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2003 Robert Weil Kiedricher Gräfenberg Riesling Spätlese

SKU #1010320 93 points Wine & Spirits

 No tasting note provided.  (12/2004)

93 points Wine Spectator

 A delicious spätlese, bursting with apricot, orange and vanilla notes, all backed by good acidity. Needs a little time to settle down, but shows elegance, concentration and good length. (BS)  (4/2005)

Jancis Robinson

 Very big, broad and almost more oaky than veg or fruity on the nose. Extremely powerful character. Great confidence - lovely acid level as well as all these broad, ripe, distinctive terroir-influenced characters. Lovely pure acidity and real integrity. 18/20 points (JR)  (6/2004)

K&L Notes

92 points, Mosel Fine Wines: "A discreet yet complex nose of quince, vanilla, lead pencil, fresh herbs and gooseberry gives way to a dynamic and zesty palate. Although this is still noticeable sweet in the after-taste, the overall balance is quite enjoyable, especially for the vintage. Spicy and fresh aromatics kick in and add pleasure to the experience, and the finish is very long. This is a superb Spätlese." (03/2013)


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Price: $39.99

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Varietal:

Riesling

- While the rest of the world has often misappropriated the name--Welchriesling, Riesling Italico, Gray Riesling and Emerald Riesling are all names applied to varieties that are NOT Riesling--this exceptional German varietal has managed to maintain its identity. Perhaps its biggest claims to fame are its intoxicating perfume, often described as having honeyed stone fruit, herb, apple and citrus notes, and its incredible longevity - the wines lasting for decades. Aged Rieslings often take on a distinctive and alluring Petrol-like aroma. Within Germany, the grape seems to do best in the warming slate soils of the Mosel-Saar-Ruwer. Other German regions that turn out great Rieslings include Pfalz, Rheingau and Nahe. German Rieslings are made in a range of ripeness levels. The top wines are assigned Pr├Ądikat levels to describe their ripeness at harvest. These are: Kabinett, Sp├Ątlese, Auslese, Beerenauslese, Eiswein and Trockenbeerenauslese. Riesling has also achieved acclaim in France's Alsace, the only region in that country where the grape is officially permitted. Alsatian Rieslings are typically dry and wonderfully aromatic. Austrian Riesling is also steadily gaining praise and fine Riesling is also produced in Italy's Alto-Adige and Friuli, in Slovenia and much of Central and Eastern Europe. In the New World its stronghold is Australia, where it does best in the Eden and Clare Valleys. It is also planted in smaller amounts in New Zealand. In the US, winemakers are eschewing the syrupy sweet versions of the 1970s and 1980s, instead making elegant and balanced wines in both California and Washington State.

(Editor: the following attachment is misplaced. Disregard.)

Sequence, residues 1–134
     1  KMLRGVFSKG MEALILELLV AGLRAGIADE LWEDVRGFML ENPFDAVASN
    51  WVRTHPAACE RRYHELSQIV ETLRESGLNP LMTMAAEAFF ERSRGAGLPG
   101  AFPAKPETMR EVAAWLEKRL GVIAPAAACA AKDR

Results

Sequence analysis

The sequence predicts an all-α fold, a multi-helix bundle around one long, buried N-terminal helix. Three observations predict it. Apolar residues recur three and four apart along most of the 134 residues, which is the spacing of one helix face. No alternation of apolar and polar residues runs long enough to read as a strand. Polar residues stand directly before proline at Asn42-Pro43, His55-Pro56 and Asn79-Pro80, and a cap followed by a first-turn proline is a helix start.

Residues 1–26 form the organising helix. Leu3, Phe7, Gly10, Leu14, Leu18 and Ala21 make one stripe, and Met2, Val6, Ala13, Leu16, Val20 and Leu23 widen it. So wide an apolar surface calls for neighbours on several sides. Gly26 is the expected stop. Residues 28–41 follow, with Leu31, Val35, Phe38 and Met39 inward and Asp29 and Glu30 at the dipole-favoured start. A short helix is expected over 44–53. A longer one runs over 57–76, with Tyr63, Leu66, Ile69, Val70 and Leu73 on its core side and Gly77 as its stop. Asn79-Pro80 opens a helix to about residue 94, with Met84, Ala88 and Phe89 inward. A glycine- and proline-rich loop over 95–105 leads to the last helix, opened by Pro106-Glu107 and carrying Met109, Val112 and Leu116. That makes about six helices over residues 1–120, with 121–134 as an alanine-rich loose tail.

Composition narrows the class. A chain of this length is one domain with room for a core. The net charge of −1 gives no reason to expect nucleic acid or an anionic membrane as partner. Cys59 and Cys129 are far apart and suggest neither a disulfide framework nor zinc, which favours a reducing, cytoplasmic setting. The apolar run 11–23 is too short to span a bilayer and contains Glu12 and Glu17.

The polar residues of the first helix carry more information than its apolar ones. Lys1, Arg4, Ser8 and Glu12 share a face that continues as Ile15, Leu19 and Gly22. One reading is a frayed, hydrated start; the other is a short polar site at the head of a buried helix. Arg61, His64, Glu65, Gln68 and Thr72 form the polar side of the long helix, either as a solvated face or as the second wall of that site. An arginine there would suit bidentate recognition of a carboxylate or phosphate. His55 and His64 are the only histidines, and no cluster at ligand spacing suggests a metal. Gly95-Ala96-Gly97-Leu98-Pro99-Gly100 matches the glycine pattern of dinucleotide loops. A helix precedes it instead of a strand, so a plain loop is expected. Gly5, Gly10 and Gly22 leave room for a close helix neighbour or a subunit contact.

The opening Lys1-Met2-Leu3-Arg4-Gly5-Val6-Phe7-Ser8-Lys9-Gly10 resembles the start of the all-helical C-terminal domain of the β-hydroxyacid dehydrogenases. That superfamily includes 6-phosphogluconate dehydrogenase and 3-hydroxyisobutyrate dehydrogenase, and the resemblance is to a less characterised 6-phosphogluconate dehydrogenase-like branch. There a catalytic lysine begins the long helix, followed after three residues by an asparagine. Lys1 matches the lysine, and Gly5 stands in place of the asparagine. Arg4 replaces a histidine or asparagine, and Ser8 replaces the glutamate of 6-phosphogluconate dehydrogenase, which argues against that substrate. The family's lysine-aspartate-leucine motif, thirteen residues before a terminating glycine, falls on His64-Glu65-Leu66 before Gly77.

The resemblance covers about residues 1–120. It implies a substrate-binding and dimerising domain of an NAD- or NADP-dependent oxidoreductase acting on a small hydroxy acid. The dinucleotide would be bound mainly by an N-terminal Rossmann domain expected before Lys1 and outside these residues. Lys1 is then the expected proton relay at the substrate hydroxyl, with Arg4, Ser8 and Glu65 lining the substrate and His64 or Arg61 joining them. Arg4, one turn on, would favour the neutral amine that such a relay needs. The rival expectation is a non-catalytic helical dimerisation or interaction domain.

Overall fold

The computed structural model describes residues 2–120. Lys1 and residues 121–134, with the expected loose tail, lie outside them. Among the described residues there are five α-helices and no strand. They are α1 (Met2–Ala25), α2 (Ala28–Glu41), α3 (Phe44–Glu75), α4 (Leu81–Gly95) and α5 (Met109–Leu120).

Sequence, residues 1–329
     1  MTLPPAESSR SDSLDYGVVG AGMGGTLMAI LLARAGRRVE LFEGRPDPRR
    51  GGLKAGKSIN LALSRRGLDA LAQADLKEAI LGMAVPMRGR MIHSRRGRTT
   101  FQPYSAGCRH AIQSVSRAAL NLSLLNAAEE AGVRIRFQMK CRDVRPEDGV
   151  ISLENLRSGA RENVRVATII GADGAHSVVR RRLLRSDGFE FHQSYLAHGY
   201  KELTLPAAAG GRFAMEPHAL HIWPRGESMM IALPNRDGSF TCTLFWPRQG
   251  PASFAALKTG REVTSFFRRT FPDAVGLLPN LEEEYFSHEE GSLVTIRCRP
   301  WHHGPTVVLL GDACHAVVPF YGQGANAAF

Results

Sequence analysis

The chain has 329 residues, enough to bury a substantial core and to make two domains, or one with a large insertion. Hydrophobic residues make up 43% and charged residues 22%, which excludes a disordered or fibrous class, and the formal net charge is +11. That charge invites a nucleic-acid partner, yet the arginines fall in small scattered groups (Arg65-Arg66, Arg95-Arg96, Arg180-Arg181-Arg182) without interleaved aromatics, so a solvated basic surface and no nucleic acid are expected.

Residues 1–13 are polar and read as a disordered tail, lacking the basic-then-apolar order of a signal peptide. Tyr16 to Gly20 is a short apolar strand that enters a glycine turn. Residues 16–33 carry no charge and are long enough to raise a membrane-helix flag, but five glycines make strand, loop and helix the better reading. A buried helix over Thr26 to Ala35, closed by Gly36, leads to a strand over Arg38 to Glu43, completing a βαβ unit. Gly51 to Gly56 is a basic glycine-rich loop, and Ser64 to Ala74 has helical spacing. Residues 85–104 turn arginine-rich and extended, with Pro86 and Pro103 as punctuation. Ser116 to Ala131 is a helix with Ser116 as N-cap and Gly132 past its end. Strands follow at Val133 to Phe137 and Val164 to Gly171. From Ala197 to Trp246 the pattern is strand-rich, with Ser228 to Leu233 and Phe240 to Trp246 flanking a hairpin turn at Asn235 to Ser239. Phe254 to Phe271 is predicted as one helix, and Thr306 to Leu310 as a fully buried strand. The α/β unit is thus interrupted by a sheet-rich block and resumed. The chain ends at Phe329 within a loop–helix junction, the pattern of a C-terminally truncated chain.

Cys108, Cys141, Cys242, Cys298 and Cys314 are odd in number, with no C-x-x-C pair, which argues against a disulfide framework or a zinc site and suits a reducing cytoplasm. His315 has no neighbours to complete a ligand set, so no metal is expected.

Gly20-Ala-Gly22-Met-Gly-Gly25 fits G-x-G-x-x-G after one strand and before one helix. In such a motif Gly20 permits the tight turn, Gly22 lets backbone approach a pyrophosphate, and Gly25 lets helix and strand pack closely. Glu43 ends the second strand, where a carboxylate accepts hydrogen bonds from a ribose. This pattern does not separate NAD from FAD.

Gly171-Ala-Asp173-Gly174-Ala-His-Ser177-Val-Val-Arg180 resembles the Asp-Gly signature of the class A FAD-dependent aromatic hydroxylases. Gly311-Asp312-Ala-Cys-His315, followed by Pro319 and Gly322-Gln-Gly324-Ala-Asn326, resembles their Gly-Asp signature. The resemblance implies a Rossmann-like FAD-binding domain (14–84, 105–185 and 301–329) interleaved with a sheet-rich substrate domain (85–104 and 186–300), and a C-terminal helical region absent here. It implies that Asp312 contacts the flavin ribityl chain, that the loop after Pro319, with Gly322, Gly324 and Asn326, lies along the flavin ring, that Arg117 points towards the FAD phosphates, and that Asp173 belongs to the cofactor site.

Country:

Germany

- Thanks to a recent string of excellent vintages and to the reemergence of Germany onto the international wine writing scene, this is a country that's hot, hot, hot! Germany is divided into 13 wine Region and produces a very wide variety of wine styles, from incredibly high-acid, dry wines to some of the sweetest, most unctuous concoctions on the planet and even a few surprisingly hearty reds. Most of the highest-quality wines are grown on steep banks along the rivers in these Region. Small vineyards are still mostly hand tended and picked, due to the difficult nature of mechanization on these slopes. White wine production accounts for nearly 80% of the total with Riesling being the most important varietal, though Muller-Thurgau is still more widely planted.
Sub-Region:

Rheingau